The New Global Chessmaster, Xi of China

David Reavill
6 min readNov 16, 2023
President Biden is greeting President Xi of China.

Chess is a magnificent game, couched in the metaphor of power and intrigue. Its pieces are named after medieval persons of power: knights, Queens, and Kings. The game can be exhilarating to play when you win. But it’s excruciating when you’re losing. Unlike other board games, Chess is renowned for taking hours and hours to complete a game. It’s especially true when you find yourself in the hands of an absolute master. Your frustration builds as move after move is blocked by a player at the top of their game.

This week, the master of Global Chess came to San Francisco to meet his chief adversary. Xi Jinping, President of the People’s Republic of China, was meeting Joe Biden, President of the United States. President Biden pointed out that it has been “a year and a day” since the two met face to face. You can bet that the American President has marked well every move of the man from China. Since Biden became the leader of the US, it has been Xi who has been his nemesis, blocking and besting each move of the Americans.

US Representatives Blinken and Sullivan meet Chinese Representatives Yang and Wang in Alaska.

Looking back over the past nearly three years, we can see how this match between Biden and Xi has been masterfully played by this representative of the “Middle Kingdom.” The “match” between America and China began less than two months after the inauguration of President Biden. And as is often the case in great contests, each President’s seconds open the match. Representing our side was Secretary of State Antony Blinken and National Security Advisor Jake Sullivan; representing China were Chinese Director of the Office of the Central Commission for Foreign Affairs Yang Jiechi and Foreign Minister Wang Yi.

The Biden Administration had put China on notice that these would be
“tough” discussions designed to put China in its place. But that sentiment reached the diplomats across the Pacific because they came loaded for bear. The opening comments by Blinken and Sullivan were meant to show the dominant position of the US in the global community. Director Yang came back with perhaps the most blunt, direct retort ever by a Chinese diplomat to the United States:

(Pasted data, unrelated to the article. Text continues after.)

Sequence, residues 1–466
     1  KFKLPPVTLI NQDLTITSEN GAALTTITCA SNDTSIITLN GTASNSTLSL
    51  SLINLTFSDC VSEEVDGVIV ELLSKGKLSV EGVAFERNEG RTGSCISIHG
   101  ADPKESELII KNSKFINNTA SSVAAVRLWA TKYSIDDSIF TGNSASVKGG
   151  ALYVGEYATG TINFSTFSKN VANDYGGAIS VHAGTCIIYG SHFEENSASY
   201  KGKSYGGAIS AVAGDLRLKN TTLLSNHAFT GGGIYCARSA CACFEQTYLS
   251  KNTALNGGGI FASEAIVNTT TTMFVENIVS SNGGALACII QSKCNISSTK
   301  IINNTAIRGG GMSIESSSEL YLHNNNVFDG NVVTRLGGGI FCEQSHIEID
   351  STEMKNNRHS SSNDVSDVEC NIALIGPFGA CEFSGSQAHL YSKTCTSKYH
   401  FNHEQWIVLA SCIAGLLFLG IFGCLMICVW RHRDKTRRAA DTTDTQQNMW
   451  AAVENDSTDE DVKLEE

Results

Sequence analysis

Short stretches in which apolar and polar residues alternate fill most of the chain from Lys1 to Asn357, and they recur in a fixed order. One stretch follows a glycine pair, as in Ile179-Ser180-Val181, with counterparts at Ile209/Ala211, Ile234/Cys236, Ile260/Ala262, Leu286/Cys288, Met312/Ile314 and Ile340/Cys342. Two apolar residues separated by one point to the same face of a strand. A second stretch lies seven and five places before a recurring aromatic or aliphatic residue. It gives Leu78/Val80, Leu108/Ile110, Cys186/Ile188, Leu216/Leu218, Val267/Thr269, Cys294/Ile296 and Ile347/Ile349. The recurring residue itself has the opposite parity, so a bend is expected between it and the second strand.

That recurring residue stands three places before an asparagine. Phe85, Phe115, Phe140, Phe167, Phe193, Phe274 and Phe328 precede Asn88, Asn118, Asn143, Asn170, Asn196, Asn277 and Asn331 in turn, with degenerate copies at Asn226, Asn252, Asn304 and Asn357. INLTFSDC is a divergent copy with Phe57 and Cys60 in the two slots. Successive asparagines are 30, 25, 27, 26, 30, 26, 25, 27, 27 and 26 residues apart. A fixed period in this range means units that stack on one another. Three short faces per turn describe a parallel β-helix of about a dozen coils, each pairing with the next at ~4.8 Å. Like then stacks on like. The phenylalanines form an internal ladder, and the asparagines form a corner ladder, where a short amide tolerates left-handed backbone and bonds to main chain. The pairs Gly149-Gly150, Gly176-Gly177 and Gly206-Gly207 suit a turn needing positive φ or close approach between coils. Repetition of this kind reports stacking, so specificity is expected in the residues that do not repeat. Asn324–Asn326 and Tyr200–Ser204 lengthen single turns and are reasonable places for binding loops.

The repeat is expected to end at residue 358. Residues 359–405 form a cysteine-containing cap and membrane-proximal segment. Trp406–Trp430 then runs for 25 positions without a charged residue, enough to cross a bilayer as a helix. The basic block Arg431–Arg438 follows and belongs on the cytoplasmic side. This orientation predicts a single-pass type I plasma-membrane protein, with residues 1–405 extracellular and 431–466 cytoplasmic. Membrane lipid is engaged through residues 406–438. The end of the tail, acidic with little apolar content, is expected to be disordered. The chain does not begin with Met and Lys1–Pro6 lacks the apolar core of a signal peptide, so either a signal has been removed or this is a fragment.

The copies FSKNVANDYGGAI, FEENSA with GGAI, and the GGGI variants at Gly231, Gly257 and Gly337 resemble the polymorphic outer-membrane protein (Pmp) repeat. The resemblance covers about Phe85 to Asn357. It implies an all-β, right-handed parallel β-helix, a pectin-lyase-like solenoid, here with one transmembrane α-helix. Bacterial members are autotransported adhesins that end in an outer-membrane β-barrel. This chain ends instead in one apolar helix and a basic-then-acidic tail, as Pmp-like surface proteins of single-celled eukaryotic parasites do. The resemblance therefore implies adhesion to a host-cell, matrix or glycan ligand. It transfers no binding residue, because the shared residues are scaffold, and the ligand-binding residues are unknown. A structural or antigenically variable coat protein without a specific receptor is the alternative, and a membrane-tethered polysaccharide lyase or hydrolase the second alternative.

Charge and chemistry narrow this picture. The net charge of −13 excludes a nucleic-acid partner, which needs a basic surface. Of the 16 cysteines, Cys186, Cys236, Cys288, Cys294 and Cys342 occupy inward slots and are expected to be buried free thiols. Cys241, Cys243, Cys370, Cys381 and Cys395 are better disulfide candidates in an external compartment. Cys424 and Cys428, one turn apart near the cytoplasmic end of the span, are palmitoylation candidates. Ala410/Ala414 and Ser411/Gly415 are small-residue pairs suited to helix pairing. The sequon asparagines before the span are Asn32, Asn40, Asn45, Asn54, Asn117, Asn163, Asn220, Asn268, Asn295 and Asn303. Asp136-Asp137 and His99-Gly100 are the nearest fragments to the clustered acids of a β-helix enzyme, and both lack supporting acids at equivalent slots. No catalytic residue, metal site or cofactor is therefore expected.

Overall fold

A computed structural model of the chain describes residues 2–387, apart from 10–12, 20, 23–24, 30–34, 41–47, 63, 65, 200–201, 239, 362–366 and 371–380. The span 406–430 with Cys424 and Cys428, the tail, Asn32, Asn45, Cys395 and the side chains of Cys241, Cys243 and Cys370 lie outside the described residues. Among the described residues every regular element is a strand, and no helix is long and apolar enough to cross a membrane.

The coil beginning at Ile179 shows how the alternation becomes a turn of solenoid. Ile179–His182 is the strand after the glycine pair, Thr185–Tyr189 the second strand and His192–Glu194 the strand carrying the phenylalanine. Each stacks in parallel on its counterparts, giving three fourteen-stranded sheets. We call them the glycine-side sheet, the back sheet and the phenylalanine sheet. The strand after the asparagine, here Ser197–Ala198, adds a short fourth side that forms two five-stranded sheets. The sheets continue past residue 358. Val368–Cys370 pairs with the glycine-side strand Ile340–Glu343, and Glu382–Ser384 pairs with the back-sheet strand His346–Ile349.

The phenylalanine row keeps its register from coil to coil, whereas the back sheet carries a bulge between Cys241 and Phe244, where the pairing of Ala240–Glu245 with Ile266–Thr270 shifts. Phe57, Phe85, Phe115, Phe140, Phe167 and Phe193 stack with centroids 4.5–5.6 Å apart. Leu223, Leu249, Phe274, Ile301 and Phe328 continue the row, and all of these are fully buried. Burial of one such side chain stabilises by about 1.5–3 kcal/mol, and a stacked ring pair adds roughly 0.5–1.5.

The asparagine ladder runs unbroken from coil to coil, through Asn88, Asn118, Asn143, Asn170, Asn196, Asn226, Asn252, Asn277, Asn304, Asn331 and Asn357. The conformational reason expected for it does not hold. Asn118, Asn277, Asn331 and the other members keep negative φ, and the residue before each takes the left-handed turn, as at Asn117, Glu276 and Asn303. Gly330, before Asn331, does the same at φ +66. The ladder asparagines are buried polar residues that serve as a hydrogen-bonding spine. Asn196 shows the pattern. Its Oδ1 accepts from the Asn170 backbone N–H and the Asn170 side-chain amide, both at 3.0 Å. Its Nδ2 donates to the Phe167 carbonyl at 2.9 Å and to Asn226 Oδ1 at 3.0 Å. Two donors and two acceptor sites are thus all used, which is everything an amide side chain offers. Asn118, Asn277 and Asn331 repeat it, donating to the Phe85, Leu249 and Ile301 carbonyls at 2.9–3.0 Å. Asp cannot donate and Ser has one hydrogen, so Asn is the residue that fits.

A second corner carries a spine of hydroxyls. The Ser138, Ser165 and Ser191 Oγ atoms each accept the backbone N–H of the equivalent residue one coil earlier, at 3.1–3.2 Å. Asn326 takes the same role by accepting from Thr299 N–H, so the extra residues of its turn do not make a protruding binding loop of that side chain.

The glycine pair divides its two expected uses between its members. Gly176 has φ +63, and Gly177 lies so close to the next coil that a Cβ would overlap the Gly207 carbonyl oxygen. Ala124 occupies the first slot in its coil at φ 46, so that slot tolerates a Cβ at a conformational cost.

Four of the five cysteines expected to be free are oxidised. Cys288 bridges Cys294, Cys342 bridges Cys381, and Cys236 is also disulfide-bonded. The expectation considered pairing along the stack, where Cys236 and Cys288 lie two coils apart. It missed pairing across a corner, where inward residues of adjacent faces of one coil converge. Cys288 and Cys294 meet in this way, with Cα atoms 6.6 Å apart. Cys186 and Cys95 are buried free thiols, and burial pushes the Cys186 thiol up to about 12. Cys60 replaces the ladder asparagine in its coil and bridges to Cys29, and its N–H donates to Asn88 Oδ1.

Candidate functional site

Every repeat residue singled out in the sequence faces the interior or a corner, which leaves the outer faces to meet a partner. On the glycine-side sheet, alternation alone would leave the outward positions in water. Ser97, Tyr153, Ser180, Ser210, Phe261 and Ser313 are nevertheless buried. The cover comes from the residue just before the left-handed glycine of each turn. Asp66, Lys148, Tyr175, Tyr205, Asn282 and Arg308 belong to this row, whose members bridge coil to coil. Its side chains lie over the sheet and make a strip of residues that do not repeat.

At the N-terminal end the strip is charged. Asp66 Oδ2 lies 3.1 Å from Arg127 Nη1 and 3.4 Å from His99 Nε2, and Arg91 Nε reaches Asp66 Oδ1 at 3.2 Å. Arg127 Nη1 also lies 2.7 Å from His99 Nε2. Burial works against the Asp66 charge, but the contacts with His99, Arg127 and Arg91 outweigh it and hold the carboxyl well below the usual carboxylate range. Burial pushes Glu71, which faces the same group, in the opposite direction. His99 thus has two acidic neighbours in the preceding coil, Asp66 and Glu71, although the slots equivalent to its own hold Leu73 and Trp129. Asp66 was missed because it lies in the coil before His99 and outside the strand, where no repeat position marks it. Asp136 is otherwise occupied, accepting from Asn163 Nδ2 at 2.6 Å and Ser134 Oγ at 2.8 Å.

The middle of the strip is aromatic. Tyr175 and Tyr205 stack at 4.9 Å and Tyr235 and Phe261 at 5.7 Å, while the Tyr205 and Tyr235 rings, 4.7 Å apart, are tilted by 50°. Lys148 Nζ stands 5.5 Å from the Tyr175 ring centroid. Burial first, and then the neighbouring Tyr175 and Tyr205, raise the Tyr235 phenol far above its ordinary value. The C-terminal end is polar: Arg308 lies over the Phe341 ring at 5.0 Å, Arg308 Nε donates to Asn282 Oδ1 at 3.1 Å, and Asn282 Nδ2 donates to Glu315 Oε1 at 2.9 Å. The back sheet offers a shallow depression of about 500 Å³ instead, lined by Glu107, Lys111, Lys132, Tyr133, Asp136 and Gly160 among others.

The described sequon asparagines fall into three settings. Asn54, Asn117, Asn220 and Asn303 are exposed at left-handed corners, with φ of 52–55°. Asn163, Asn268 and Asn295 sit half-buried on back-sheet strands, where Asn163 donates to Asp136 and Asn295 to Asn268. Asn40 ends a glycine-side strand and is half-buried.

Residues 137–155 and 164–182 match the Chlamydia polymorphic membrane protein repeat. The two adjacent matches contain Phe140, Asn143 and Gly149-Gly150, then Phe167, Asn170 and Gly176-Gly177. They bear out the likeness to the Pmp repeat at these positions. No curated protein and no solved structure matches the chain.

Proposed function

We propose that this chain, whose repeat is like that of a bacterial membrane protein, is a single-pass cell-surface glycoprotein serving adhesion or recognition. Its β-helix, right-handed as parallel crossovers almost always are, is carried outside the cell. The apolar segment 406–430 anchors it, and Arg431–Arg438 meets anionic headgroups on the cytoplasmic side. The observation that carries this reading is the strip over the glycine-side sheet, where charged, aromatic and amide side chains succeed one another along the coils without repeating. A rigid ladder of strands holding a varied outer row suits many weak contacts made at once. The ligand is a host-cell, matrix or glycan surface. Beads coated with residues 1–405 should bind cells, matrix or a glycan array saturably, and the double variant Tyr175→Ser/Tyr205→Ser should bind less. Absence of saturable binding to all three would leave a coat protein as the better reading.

“So we believe that it is important for the United States to change its own image and to stop advancing its own democracy in the rest of the world. Many people within the United States actually have little confidence in the democracy of the United States, and they have various views regarding the government of the United States.”

It was completely unexpected and caught the Americans off guard. Most pundits gave the opening round to the aggressive, assertive Chinese for their new “no holds barred” approach.

It was an all-new strategy by Chess Master Xi. Gone were the days when the reticent Chinese came to sell their wares to the Americans. It was a new China that could match the US toe to toe.

The Ukraine — Russia War.

The second round of this grand Chess Match must have been equally as unexpected by the Americans. Less than a year later, on February 24, 2022, Russia invaded Ukraine. Perceived by the Americans as a bilateral conflict between the two Eastern European countries, the Biden Administration devised a cunning strategy aimed at degrading the Russian Economy. With the European Union, Biden began a series of sanctions to deny Russia’s ability to sell its goods to the West. Biden cut off all oil imports from Russia to the US and later denied Russian Banks access to the SWIFT International Settlements System.

The Society of Worldwide Interbank Financial Telecommunications (SWIFT).

Russia was now bereft of its primary market for oil and gas, and worse, it had no way to receive payments for sales in the rest of the world (SWIFT). In the words of Ursula von der Leyen, President of the European Commission, these moves would reduce the Russian economy to “tatters.”